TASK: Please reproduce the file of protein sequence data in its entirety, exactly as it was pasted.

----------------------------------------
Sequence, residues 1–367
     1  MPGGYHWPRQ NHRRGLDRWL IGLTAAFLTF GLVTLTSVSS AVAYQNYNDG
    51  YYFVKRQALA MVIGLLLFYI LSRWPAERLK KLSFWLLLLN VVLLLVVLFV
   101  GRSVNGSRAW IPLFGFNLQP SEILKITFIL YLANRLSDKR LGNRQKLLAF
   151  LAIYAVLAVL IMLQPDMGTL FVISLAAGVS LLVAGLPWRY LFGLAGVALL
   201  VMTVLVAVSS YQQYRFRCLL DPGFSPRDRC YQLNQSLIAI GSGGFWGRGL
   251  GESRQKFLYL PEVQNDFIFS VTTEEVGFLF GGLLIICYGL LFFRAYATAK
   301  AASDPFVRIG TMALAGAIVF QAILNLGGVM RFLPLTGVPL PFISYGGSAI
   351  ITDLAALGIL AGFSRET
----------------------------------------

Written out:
Sequence, residues 1–367
     1  MPGGYHWPRQ NHRRGLDRWL IGLTAAFLTF GLVTLTSVSS AVAYQNYNDG
    51  YYFVKRQALA MVIGLLLFYI LSRWPAERLK KLSFWLLLLN VVLLLVVLFV
   101  GRSVNGSRAW IPLFGFNLQP SEILKITFIL YLANRLSDKR LGNRQKLLAF
   151  LAIYAVLAVL IMLQPDMGTL FVISLAAGVS LLVAGLPWRY LFGLAGVALL
   201  VMTVLVAVSS YQQYRFRCLL DPGFSPRDRC YQLNQSLIAI GSGGFWGRGL
   251  GESRQKFLYL PEVQNDFIFS VTTEEVGFLF GGLLIICYGL LFFRAYATAK
   301  AASDPFVRIG TMALAGAIVF QAILNLGGVM RFLPLTGVPL PFISYGGSAI
   351  ITDLAALGIL AGFSRET